The Iphone Effect

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In Are You Fully Charged, Tom Rath tells us:

Nothing adds more value to life than close social relationships. This is why it is so important to focus on the people you are with when you are with them. In fact, a 2014 study titled ‘The iPhone Effect’ shows how the mere presence of a smartphone can ruin a conversation. In an experiment with 200 participants, researchers found that simply placing a mobile communication device on the table or having participants hold it in their hand was a detriment to their conversations. Any time the phone was visible, the quality of the conversation was rated as less fulfilling when compared with conversations that took place in the absence of mobile devices. People reported having higher levels of empathetic concern when phones were not visible. When you choose to have dedicated time with another person, such as dining, driving somewhere, or going on a walk, give that person your undivided attention. Talking on your phone, using apps, or reading a message tells others you don’t value their time as much as you could. You chose to be with them, so make it count.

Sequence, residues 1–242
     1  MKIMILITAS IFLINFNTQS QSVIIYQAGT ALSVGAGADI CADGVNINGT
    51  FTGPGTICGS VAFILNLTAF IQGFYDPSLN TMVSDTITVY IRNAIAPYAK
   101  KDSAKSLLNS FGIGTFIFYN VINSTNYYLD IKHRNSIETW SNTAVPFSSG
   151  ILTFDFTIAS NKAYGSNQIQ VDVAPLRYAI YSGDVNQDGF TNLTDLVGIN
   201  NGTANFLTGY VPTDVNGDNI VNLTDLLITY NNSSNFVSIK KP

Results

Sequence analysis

Spoilers! “the mere presence of a smartphone can ruin a conversation”

In The Positive Shift, Dr. Catherine Sanderson tells us:

“researchers in another study asked students to have a ten-minute conversation in a coffee shop in Washington, DC. (Some of these students were strangers, whereas others were friends.) A researcher sat nearby and measured whether either person put a mobile device on the table, or held it in a hand, at any point during the conversation. After the couple was finished talking, each person was asked to rate the quality of their conversation. … Once again, this data provided powerful evidence that the presence of cell phones does not benefit relationships: Conversations in which either person put a device on the table or in the hand were rated as less fulfilling. Moreover, the negative effects of cell phone use were even stronger among people who were already friends.

The iPhone effect is pervasive. Let’s put our smartphones away and be present.

On the Heroic Platform, Brian Johnson tells us:

“having your phone out constantly with those you care about says one of two things: One you are an addicted rat or two you don’t care about the people on the other side of your phone.”

Yikes! We can all do better if we are intentional about it. When you get home, put your phone in a drawer, out of sight and out of mind.

Wait to pull out the phone or check notifications after your lunch meeting with a friend, family, or colleague.